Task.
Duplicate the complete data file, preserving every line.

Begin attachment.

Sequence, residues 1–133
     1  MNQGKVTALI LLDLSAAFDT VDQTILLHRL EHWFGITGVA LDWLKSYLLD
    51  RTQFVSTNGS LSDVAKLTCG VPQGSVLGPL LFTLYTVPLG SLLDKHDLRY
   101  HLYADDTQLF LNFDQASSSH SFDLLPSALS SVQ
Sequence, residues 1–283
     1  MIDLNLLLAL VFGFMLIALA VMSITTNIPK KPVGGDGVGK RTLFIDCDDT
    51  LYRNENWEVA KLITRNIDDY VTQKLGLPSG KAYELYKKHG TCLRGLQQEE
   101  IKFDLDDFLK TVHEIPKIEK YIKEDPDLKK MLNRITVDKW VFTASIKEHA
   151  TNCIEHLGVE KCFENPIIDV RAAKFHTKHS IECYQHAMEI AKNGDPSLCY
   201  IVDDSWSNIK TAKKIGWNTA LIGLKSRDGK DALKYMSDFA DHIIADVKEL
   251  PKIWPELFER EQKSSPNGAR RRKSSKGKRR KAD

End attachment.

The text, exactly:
Sequence, residues 1–133
     1  MNQGKVTALI LLDLSAAFDT VDQTILLHRL EHWFGITGVA LDWLKSYLLD
    51  RTQFVSTNGS LSDVAKLTCG VPQGSVLGPL LFTLYTVPLG SLLDKHDLRY
   101  HLYADDTQLF LNFDQASSSH SFDLLPSALS SVQ
Sequence, residues 1–283
     1  MIDLNLLLAL VFGFMLIALA VMSITTNIPK KPVGGDGVGK RTLFIDCDDT
    51  LYRNENWEVA KLITRNIDDY VTQKLGLPSG KAYELYKKHG TCLRGLQQEE
   101  IKFDLDDFLK TVHEIPKIEK YIKEDPDLKK MLNRITVDKW VFTASIKEHA
   151  TNCIEHLGVE KCFENPIIDV RAAKFHTKHS IECYQHAMEI AKNGDPSLCY
   201  IVDDSWSNIK TAKKIGWNTA LIGLKSRDGK DALKYMSDFA DHIIADVKEL
   251  PKIWPELFER EQKSSPNGAR RRKSSKGKRR KAD